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Zong Rinpoche, ILTK

 So what I’m saying is that the clear energy of consciousness is with you twenty-four hours a day. Even when you are angry, clarity is there. It is basic fundamental human nature—pure, beautiful. Our consciousness is like the ocean. In that space is the potential for ego—whether positive, negative, good, bad, or ugly. It has the ability to reflect any kind of thing you want to see.


Tantra shows that human beings have the capacity for limitless enjoyment and at the same time the ability to be free from the grasping mind. I want you to understand that Buddha’s teaching is not saying that human beings should not be happy or that they cannot have pleasure. The problem is that the unclear ego grasps at concrete entities, which are non-existent. If you didn’t have this grasping, then you could have as much enjoyment as possible, any kind of pleasure, any kind of bliss.

Lama was totally behind the idea

From  1979: Even your enemy who tries to kill you is your best friend. by Adele Hulse, Big Love author:

23298_ngFrom Sydney, the party went directly to Chenrezig Institute, just in time for Lama Zopa Rinpoche’s lam-rim course for 120 people. No one could ever have guessed this would be the last time the two lamas would visit Chenrezig together. At the end of the month Frau Kalff was scheduled to teach a seminar called The Mind in Jungian and Buddhist Psychology. This was her only visit to Australia. Lama Yeshe encouraged Patrick Jansen, an Australian Jungian analyst, to give talks at Chenrezig and Tara House, using the sand-play method and dream analysis.

Chenrezig was booked out. Geshe Loden and Zasep Tulku, whose teaching contract was about to expire, had been living in what was called the Geshe House at the top of the hill. When Lama and Rinpoche arrived at Chenrezig Institute, they were housed in a second house, the Sangha House. A library and new dormitories had been built below the gompa and work on a communal laundry and a family center was underway. Yeshe Khadro was still Chenrezig’s director and American monk Scott Brusso was working as the spiritual program coordinator.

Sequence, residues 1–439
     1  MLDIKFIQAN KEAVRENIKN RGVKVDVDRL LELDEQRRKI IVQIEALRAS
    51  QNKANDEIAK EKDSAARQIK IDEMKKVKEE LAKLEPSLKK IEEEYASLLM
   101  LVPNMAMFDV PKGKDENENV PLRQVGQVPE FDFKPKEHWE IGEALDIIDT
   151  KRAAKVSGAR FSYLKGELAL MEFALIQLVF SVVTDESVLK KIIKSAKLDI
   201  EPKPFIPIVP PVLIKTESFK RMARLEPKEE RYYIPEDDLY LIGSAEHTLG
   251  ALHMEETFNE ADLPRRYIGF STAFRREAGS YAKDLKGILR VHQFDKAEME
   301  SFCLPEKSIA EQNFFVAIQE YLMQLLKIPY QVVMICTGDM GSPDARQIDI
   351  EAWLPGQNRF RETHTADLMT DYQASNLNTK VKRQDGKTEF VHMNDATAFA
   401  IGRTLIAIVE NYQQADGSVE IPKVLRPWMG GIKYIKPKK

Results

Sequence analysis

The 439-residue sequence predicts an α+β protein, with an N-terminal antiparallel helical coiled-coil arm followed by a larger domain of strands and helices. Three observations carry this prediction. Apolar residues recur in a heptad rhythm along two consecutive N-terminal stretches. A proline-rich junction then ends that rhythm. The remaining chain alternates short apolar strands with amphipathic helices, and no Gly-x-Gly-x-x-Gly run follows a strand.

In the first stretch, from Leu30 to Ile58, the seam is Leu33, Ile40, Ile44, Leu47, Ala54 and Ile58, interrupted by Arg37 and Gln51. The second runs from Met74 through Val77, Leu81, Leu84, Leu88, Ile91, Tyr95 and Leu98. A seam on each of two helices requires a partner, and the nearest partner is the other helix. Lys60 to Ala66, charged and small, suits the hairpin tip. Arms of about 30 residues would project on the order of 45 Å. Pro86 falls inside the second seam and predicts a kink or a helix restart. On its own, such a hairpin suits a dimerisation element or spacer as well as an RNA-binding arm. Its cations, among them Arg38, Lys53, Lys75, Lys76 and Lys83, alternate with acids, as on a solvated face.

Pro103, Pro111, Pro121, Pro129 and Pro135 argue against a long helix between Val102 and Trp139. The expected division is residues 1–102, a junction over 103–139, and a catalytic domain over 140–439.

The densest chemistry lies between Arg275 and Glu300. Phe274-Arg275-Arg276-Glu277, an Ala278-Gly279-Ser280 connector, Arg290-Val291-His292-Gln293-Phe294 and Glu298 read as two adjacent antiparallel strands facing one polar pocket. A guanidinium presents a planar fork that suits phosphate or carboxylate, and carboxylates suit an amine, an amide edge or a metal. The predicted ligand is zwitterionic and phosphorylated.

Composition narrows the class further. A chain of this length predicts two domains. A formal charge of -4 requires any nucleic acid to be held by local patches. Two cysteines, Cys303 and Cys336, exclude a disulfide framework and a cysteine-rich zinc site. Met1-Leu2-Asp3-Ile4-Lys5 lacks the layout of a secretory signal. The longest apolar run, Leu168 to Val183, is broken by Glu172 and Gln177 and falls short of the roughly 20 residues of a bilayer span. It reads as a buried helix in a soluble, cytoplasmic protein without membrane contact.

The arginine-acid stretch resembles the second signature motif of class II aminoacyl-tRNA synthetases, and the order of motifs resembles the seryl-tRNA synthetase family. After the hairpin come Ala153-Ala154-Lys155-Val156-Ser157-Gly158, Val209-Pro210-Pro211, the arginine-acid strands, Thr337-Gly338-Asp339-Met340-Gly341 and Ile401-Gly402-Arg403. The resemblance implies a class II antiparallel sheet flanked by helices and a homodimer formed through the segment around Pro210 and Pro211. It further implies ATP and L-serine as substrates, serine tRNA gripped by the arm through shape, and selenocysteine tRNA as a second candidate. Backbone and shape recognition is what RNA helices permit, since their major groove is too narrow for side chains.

The Family Centre was Denise Fenner’s project. Denise, her monk husband, Peter, and Lindsay Pratt undertook most of the fund-raising and construction work. Those without children were not really interested. “Things were not good for children at Chenrezig,” said Denise. “The ‘serious meditators’ had no time for them, they were a nuisance.” But Lama was totally behind the idea. At a meeting on August 9 with Yeshe Khadro, Peter Kedge and Chenrezig’s parents, Lama shared some of his views about caring for and educating the children in FPMT center communities:

Loden Geshe, Lama Yeshe, Zasep Tulku

Zasep Tulku, Lama Yeshe and Loden Geshe

In our centers there are many children, but because parents are so busy the children don’t get much attention. Instead people tell them, “Don’t come near!” Sometimes the children don’t get fed on time, or to bed on time. So we need time for this, time for that. Any education system for children should create some kind of stability for them and bring harmony and balance. Also it shouldn’t be extremely external or extremely internal. We should develop a kind of education in which we put Buddhist philosophy into scientific language and in a simplified form. How the mind works, how karma works, and so on. In this way, we produce a different kind of human being.

      In the West, there are so many books for children. But some of these books need some kind of transformation so that they communicate a better way of thinking. You can produce such books and stories yourselves. You know Dharma. The contents can be in more scientific language, rather than in too heavy a religious aspect. Sometimes a religious presentation can be heavy. Your stories should be light, gentle, and yet at the same time precise to convey clear thinking to the children.

      You should have a place for the children that is beautiful, with nice grass and flowers, like a park. It is a bit dirty around here. The environment should be clean, not dusty, so the children will stay healthy. There is no need to buy more land; there is already much land here that isn’t being used. 

Loden Geshe and Zasep Tulku

Loden Geshe and Zasep Tulku

After maybe twenty years our generation will disappear, so we need to be concerned for the next generation, the generation of our children. It is a big job. My black nun, Max, has written a paper on this, but now she is in America making business. So maybe you can start children’s education from here. It would be good if you insist that parents have to take responsibility, that they help with the school and with what is taught there. Obviously, they don’t have to teach, but the school should be a collaborative effort.